If the engine is the heart of the bike, the Electronic Control Unit (ECU) is its brain. It mainly controls how the fuelling and ignition runs on the bike. The many sensors on the bike send data to the ECU, which in turn transmits signals to specific components for action. The data collected by the ECU allows a tuner to understand the performance and tweak settings to improve the bike’s capabilities.
“When manufacturers build a bike, they have to comply with various environmental norms. But while racing, we don’t need to follow it. So to start off, these are some basic changes that can be made through the ECU to ready the bike for racing,” Clutchless says.
The ECU is a sensitive device that is affected by changes in atmospheric temperature and pressure. Clutchless remembers a time when they had starting trouble due to a new ECU that had been installed just a day before the race. It had worked fine under the weather conditions in Bengaluru, but had acted up once at the track in Coimbatore.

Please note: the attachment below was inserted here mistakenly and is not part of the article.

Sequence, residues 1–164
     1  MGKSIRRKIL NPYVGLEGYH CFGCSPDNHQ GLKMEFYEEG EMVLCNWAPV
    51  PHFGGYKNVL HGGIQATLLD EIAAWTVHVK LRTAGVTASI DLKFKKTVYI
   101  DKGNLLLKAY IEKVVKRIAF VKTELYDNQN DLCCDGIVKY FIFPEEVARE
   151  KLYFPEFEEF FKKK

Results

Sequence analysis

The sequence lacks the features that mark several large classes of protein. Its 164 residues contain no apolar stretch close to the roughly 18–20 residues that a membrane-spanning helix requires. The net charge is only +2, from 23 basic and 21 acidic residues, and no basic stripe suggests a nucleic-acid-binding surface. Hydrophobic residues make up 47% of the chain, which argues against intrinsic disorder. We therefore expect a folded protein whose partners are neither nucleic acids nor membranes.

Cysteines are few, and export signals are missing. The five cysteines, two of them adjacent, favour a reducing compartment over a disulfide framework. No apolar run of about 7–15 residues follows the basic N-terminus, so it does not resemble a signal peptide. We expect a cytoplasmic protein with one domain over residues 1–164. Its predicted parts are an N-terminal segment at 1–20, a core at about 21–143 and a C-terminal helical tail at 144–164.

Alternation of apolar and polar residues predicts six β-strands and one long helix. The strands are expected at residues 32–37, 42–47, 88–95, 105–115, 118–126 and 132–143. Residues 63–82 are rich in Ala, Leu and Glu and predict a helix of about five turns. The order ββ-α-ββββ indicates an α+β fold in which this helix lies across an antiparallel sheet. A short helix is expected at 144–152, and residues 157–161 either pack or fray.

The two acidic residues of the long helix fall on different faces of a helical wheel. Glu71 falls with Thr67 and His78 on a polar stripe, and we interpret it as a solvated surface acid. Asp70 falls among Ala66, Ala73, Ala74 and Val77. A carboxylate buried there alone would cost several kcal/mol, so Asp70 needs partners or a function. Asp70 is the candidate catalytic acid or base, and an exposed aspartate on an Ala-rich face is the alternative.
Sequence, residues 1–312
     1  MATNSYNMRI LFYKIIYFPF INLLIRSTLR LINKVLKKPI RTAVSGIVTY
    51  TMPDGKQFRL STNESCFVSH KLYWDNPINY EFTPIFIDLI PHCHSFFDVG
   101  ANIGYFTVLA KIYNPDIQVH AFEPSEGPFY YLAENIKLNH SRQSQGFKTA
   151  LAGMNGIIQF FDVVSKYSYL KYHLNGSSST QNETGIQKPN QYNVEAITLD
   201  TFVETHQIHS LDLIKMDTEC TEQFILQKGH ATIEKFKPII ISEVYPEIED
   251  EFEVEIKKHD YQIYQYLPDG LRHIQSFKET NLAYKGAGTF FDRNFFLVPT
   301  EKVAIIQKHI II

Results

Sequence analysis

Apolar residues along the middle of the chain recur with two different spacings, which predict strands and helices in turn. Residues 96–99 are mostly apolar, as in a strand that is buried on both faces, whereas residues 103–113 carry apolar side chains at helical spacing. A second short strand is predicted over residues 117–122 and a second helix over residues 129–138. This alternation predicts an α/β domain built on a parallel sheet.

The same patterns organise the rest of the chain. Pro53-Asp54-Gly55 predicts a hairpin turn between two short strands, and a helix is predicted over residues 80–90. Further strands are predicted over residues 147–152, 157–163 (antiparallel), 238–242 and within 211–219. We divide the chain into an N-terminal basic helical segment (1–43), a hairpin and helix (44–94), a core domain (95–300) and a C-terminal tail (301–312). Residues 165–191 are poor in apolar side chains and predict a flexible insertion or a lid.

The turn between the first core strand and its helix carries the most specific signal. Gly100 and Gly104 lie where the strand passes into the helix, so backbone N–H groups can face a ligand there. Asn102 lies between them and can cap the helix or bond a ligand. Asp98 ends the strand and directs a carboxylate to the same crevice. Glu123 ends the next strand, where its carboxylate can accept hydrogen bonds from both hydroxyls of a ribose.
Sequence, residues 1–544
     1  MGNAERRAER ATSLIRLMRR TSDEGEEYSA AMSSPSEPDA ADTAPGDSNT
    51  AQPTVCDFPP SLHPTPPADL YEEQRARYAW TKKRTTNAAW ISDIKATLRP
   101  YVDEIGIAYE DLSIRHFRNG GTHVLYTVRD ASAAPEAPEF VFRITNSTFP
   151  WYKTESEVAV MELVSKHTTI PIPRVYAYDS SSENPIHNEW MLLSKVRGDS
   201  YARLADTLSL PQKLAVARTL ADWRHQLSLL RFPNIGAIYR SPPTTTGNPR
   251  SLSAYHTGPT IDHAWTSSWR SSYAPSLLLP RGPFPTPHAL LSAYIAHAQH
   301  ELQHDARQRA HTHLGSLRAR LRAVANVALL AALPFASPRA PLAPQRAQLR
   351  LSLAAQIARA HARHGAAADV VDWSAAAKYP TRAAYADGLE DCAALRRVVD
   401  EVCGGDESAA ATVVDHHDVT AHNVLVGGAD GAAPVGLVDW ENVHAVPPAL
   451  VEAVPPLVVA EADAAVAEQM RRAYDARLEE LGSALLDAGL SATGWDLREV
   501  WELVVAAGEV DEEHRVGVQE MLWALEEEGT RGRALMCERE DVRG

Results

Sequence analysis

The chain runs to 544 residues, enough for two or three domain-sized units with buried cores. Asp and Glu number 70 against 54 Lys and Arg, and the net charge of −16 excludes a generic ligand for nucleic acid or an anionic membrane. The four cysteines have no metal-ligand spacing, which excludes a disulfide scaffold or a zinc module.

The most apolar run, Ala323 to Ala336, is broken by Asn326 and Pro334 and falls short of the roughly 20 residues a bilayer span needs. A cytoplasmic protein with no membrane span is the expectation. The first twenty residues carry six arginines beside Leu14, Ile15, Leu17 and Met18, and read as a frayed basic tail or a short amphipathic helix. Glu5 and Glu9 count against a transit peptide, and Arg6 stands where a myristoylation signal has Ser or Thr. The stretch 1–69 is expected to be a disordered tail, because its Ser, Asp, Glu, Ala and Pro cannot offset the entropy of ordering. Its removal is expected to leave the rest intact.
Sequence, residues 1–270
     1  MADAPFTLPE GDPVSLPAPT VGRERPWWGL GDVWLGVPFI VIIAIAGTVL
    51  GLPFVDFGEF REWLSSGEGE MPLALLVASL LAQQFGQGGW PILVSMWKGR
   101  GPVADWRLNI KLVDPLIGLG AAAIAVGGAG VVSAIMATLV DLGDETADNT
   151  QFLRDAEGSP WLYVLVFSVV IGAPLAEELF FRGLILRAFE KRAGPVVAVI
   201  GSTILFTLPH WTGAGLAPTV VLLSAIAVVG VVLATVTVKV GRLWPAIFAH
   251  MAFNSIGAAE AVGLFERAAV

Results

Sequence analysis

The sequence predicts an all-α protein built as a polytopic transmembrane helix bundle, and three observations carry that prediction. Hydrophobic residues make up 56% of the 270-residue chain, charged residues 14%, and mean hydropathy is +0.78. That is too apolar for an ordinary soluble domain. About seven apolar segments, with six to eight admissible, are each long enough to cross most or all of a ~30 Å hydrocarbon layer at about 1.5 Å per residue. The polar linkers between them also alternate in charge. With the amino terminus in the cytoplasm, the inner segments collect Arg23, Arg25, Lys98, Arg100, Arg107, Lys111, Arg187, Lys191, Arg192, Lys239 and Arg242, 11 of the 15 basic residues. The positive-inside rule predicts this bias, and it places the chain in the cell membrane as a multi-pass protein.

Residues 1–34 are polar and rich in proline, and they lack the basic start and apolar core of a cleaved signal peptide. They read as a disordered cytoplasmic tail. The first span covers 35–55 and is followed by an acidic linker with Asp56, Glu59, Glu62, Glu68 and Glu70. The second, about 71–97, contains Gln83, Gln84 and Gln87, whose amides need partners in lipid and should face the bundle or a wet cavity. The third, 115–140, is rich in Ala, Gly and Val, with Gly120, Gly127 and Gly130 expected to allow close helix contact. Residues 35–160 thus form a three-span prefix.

“The program on the ECU would cut the ignition and we faced a lot of trouble at the start, though we did land up racing eventually,” he says.
Adjust tuning for better performance
The main idea behind tuning a bike is to improve the efficiency of the engine. It gives it the capability to deliver more power for the same amount of displacement and in turn, better its performance.
“It’s a lot of work to get the tuning in place. We first program an ECU that makes very good top-end power and at a very high RPM. Then we start dyno tuning it over multiple runs,” Clutchless says.
Dyno tuning typically means configuring the engine’s air-to-fuel ratio to establish good balance so the engine can run at its peak. It provides for greater power delivery and a smoother throttle while riding. Any changes on the bike – say for instance, if the exhaust is replaced – will have a direct impact on the bike’s tuning and must be accounted for. Most stock motorcycles have a rev limit of 9,500-10,000 rpm, which is usually raised to 12,500-13,000 rpm for racing, depending on the track and the rider’s preferences.
More fuel+air = More power